All eyes in the stadium turned to the giant screens for the World Games Abu Dhabi legacy film. Featuring a host of athletes, fans and famous faces, the short film summarised the seven days of sporting excellence and celebration of the human spirit by promoting a positive story for the future through unity and inclusion.
Athletes from the UAE and Sweden, alongside two Sargent Shriver Global Messengers, conducted the ceremonial handover of the Special Olympics flag to Sweden who will host the Special Olympics World Winter Games in 2021.
The Flame of Hope, which had burned brightly in its cauldron at Zayed Sports City since the opening ceremony, officially passed on in a moving ritual. The ceremony came to an end with a performance from Settle.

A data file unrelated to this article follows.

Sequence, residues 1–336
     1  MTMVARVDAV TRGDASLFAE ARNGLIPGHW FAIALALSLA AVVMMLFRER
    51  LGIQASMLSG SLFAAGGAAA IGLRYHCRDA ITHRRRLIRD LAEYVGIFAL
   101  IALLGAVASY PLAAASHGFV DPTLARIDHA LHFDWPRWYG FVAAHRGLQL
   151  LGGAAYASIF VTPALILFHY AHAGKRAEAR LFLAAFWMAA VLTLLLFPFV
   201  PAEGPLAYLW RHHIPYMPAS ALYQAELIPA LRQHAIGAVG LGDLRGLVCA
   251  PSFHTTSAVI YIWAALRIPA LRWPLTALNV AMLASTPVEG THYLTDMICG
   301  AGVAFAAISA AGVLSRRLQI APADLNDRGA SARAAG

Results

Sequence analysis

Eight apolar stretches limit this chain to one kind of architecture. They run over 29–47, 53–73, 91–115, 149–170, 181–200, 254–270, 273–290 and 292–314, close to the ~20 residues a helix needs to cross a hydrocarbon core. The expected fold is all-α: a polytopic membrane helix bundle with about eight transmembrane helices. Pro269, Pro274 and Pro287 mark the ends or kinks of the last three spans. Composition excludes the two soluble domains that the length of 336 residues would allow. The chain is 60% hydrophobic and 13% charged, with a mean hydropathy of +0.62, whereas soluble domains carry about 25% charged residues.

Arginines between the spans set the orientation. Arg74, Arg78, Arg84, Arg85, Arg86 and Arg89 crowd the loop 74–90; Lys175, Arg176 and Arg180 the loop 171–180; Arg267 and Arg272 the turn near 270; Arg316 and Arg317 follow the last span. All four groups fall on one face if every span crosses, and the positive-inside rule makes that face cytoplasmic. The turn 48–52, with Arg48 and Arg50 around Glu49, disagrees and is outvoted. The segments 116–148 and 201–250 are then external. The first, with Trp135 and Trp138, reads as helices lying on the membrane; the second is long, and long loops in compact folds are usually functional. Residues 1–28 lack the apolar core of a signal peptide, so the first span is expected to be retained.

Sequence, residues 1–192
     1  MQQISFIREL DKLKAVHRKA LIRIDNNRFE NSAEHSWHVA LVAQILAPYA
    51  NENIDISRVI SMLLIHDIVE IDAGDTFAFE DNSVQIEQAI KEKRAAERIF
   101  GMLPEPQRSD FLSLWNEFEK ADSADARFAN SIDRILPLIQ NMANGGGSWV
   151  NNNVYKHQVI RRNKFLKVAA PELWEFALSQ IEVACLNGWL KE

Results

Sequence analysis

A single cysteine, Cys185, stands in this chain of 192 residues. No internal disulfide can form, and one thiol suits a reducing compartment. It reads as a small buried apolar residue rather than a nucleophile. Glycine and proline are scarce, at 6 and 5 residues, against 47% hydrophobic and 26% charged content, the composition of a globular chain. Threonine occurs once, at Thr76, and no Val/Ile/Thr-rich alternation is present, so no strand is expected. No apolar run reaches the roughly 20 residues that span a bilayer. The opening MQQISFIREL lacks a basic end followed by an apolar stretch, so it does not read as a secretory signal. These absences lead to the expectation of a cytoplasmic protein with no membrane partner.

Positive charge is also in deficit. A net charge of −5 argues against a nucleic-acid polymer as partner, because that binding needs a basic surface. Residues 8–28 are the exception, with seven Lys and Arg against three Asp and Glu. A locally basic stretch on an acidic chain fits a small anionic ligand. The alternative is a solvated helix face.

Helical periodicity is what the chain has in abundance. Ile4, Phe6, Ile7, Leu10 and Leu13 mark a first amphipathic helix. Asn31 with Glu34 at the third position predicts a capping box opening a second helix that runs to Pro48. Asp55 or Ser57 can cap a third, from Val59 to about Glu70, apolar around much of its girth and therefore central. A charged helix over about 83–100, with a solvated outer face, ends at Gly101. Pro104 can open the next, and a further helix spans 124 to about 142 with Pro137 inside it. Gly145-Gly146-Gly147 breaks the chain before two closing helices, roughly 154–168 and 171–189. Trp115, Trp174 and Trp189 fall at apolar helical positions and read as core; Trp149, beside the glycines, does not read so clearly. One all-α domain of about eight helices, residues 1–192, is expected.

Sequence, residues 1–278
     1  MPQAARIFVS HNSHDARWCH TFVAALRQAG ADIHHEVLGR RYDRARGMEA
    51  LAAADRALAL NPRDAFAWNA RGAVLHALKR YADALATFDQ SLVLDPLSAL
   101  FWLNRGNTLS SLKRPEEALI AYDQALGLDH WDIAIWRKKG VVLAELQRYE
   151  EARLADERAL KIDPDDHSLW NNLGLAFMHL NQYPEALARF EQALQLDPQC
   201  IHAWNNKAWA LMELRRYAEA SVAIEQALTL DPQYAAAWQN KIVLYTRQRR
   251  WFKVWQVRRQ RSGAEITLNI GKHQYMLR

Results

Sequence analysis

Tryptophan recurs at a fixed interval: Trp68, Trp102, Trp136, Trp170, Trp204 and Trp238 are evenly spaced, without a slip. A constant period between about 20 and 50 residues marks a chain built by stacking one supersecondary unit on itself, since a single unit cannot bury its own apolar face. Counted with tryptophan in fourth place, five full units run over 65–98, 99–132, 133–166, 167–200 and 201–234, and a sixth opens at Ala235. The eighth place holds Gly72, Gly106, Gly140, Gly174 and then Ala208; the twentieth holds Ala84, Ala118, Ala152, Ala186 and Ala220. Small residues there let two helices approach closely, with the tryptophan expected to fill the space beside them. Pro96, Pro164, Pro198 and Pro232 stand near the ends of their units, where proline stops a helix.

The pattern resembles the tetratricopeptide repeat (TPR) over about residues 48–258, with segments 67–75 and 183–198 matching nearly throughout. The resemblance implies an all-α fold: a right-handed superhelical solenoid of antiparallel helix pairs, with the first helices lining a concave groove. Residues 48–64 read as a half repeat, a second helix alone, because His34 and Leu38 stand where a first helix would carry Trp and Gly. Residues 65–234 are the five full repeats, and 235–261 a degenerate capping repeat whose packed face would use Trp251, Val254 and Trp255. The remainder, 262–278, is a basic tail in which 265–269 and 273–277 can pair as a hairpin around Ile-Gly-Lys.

Special Olympics World Games Abu Dhabi 2019 was one of the largest, most inclusive, most unified, most diverse and most successful World Games in the history of Special Olympics.
Each achievement and much more were celebrated in a huge outpouring of happiness from the artists on stage that echoed displays of joy and emotion from every athlete, coach and spectator inside the stadium.
A local boxing promotion is pulling together a scintillating fight card with a prize pool of AED 50,000.
Emirates Strength Boxing is holding the event, named Fists Will Fly in Dubai, on April 12 and are promising a night of wild action.
Eight heavyweights will take to the ring in tournament format – with the winner having to go through three opponents on the same night to take the crown.